My son’s first cello teacher, Gilda Barston, died when he was 10. He warms up every day with a short song she taught him for getting his fingers in tune. He’s been playing the exercise for so long that it’s no longer an intonation exercise as much as a prayer. A prayer to teaching, I think.

Usually parents have their kid learn the instrument they played  or the instrument the family needs for a trio, or the piano because there’s one in the living room. Cello is not a frequent choice because the violin is so much easier to carry around. But lots of parents told me they chose cello so their kid could have Gilda as a teacher.

At the time that sounded crazy. There was a time, really, when everything about cello sounded crazy to me. But I’m seeing more and more clearly that the teacher is what matters.

My older son has a lot of tutors. He is at the point where he can blow through curriculum if he has a good tutor, and if the tutor isn’t good we spend most of our time on logistics and teaching methods.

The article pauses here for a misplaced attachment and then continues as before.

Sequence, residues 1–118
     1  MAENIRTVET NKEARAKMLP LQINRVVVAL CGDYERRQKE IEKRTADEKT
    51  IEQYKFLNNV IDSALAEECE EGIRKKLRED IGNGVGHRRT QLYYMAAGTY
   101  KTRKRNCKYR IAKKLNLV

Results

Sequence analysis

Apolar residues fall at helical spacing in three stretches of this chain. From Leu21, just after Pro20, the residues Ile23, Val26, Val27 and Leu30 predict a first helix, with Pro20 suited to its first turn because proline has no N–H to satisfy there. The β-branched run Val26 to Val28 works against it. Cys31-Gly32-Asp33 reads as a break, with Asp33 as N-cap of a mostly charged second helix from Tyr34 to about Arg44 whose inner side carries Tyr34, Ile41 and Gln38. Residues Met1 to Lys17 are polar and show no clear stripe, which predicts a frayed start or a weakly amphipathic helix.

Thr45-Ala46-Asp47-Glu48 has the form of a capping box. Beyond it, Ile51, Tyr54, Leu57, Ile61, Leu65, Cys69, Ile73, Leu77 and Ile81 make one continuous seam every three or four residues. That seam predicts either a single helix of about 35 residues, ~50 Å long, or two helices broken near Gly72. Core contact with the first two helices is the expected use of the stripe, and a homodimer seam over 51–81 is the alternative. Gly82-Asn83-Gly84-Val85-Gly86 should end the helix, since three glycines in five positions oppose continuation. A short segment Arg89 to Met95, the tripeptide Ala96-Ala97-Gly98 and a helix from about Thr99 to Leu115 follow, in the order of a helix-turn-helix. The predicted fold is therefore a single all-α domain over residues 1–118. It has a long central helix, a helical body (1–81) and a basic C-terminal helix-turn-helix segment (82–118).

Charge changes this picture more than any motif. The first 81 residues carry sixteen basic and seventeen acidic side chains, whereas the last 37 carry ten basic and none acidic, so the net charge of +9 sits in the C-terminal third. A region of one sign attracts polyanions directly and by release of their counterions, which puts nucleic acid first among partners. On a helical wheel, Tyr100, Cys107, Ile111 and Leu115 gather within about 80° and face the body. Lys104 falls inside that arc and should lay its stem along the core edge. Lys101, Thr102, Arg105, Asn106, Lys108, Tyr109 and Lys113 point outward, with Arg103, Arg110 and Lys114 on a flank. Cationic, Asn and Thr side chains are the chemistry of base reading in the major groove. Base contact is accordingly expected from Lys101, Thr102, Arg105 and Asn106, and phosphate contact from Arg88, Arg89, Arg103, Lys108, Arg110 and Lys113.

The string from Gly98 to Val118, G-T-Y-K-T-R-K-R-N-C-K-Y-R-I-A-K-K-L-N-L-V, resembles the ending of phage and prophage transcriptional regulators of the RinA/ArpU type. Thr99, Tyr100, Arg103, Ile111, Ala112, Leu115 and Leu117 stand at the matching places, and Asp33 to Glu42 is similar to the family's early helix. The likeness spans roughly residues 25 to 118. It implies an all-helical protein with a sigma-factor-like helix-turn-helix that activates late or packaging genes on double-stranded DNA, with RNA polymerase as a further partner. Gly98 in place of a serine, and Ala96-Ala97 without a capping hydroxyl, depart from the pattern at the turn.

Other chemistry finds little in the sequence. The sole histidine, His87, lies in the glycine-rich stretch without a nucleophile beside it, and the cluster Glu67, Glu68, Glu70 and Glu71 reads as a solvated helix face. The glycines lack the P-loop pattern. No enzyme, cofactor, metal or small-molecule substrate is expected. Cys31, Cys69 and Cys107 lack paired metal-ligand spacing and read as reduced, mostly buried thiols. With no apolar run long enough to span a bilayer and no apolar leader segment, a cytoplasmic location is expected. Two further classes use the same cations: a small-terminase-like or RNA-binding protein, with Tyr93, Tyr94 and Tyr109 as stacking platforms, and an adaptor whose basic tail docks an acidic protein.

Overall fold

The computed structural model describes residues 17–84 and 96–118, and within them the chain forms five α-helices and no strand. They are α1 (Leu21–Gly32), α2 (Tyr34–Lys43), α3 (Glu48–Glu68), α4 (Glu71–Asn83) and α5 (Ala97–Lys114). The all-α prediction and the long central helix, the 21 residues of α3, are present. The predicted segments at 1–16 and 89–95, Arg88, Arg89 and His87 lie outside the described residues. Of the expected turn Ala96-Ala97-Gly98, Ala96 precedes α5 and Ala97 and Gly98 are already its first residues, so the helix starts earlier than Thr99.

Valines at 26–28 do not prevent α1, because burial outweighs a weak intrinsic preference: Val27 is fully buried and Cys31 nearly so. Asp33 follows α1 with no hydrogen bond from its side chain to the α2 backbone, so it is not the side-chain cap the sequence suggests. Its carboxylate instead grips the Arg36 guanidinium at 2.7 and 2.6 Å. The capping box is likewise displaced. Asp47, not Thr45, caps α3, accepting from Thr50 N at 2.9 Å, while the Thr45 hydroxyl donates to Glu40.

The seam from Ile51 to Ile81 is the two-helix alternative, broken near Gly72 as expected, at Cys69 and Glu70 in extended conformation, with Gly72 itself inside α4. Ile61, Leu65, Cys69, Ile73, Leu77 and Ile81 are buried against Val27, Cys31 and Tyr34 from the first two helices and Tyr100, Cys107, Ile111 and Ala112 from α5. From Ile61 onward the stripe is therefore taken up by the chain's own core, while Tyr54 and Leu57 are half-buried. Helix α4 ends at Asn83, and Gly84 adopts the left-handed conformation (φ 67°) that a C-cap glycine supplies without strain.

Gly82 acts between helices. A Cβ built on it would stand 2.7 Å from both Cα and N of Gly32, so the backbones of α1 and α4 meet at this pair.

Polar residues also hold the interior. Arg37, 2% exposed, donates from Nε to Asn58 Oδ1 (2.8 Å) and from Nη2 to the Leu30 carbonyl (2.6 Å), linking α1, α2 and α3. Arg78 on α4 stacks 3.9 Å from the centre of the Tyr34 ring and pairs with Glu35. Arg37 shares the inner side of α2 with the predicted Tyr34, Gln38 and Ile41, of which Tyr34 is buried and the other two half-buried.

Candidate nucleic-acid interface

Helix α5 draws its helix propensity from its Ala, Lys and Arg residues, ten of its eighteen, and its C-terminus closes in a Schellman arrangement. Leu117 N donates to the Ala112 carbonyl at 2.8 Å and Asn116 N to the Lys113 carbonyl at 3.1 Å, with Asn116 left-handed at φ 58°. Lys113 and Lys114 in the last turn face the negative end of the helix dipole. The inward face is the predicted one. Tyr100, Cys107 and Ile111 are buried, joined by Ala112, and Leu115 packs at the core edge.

Also, he wants tutors in person. So I agreed to pay for a really passionate Shakespeare tutor because she was close and could come every day. For someone my son’s age, when there is so much in the world to learn, he has found that routine and enthusiasm are more important than the topic a particular tutor chooses.

My son’s favorite tutor prepared him for the the AP biology test and then left for medical school. My son missed him. And the tutor didn’t know physics or calculus well enough to tutor, so we decided on statistics. My son didn’t care about the topic. He just like working with this particular guy.

I think this is a good lesson for adult life as well. Who you work with matters so much more than what you do with that person. I coach people who spend so much time trying to find the right industry. But no industry is the right industry if you don’t have a good mentor and a good boss.

Teach kids to look for the right person to connect with. That’s how you build a network. And — I’m hoping! — that’s how kids create a support system once they leave home.